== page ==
Posts Tagged With: jewish history

The Destruction of the European Jews

Hilberg - Destruction of Jews

Hilberg, Raul. The Destruction of the European Jews. With a new postscript by the author. New York: Harper Colophon Books, 1979.

 

The result of twelve years of research, this book is an important work for understanding the Nazis’ infamous “Final Solution to the Jewish Question.” But, as Hilberg makes perfectly clear in his preface, despite the title, this book is not a piece of Jewish history. Instead, readers should understand that this is a work of German history. He writes, “let it be pointed out that this is not a book about the Jews. It is a book about the people who destroyed the Jews…The focus is placed on the perpetrators” (v). As such, we learn the gradual radicalization of the Nazis’ plans to create a Jew-free Europe. Because it’s based on a wide range of Third Reich documents, this book opened up a vast source of information for English-speaking scholars to study this period of history.

Hilberg begins by situating the Nazi persecution of Jews into a larger, Western context. In fact, he places this persecution into a Christian tradition that dates back to the fourth century. Since that time, he argues, there have been three anti-Jewish policies in the Western world: “conversion, expulsion, and annihilation” (3). Ultimately, what makes the “Final Solution” unique in history is its scale: the sheer magnitude of the operation and the extreme totality of its goals. Otherwise, Hilberg states, “we discover that most of what happened in those twelve years had already happened before. The Nazi destruction process did not come out of a void” (3).

Hilberg then studies, in minute detail, the three steps of the destruction process. The first was a matter of defining exactly who should be classified as a Jew (43). Science played a crucial role in helping Nazis label Europe’s Jews. But Hilber’g book also reveals how these scientific (and legal) definitions of Jewishness could also cause problems for the bureaucracy intent on getting rid of Jews within its jurisdiction. Some Nazi officials, like Ministerialrat Bernhard Lösener were able to use the ambiguous term Mischling (mixling) to appropriate some Jews as predominantly German, thus saving their lives (272). The second step of destruction was the expropriation of Jewish land and wealth. Meticulous research reveals how the German bureaucracy maneuvered property taxes, wage regulation, and “Aryanization” of German profession campaigns. The third, and most gruesome stage was the actual destruction of the Jews themselves. Hilberg provides disturbing details about the industrialized, “conveyer belt” efficiency with which the Nazi killing centers ran (624-629).

This study can be placed in the “functionalist” camp in the debate about the ultimate aims of the Nazis regarding the Jews. Hilberg shows that as time went on, Nazi ambition changed. It was no loner feasible to continue pushing Jews eastwards since the war aims became to conquer that same land for Lebensraum. The most famous death camp, Auschwitz, was first built as a labor camp and only later equipped with gas chambers (574). Even the method of gassing went through evolutions: carbon monoxide was eventually replaced by the more efficient Zyklon B, even though it was more expensive (568, 628). Ultimately, Hilberg concludes that the focus of Nazi visions shifted from creation (of an Aryan race) to more closely focusing on destruction (of the Jews) to fulfill that vision.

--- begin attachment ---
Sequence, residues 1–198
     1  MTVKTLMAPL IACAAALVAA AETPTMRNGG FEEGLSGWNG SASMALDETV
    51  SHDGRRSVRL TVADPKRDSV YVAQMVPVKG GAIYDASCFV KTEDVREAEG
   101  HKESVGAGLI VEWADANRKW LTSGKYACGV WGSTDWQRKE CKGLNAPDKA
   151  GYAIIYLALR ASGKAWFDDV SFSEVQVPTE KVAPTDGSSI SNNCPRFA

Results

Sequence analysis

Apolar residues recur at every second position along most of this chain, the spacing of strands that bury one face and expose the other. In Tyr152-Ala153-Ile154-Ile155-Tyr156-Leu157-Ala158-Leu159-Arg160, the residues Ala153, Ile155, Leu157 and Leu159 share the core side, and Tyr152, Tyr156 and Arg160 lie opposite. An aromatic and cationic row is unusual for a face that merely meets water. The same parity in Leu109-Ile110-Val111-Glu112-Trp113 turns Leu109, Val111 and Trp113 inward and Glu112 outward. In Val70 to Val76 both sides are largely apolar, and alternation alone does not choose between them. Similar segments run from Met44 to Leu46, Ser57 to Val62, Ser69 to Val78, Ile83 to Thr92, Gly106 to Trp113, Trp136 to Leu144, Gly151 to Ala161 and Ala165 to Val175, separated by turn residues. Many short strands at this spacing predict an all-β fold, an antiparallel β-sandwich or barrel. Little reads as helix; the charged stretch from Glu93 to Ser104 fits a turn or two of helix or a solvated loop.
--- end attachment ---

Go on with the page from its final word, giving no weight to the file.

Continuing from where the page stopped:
Ultimately, I question his conclusions about the role of Jews in the process. They appear throughout the book as passive victims, marching to their own doom. Hilberg claims that this has been a historical tactic used by Jews to alleviate the persecution of their people (17). “In two thousand years they had deliberately unlearned the art of revolt,” he states (624). The outcome of this argument is as clear as it is questionable: “The Jewish community, unable to switch to resistance, increased its co-operation with the tempo of the German measures, thus hastening its own destruction” (17).

Hilberg’s book is an excellent source for encyclopedic knowledge. I learned several things that, even after studying this period for the past eight years, I didn’t know. And I think he pretty adequately shows that the Holocaust was the result of a process of radicalization. While it was Hitler’s vision all along to control a Jew-free Europe, Hilberg shows that this didn’t always mean killing all Jews. Only by 1941 did Nazi leadership come up with the “final solution.”  However, as I mentioned before, I do find Hilber’s conclusions about the level of Jewish complicity in their own destruction troubling to say the least.  But, perhaps this is a result of the fact that he chose to focus his study solely on the perpetrators.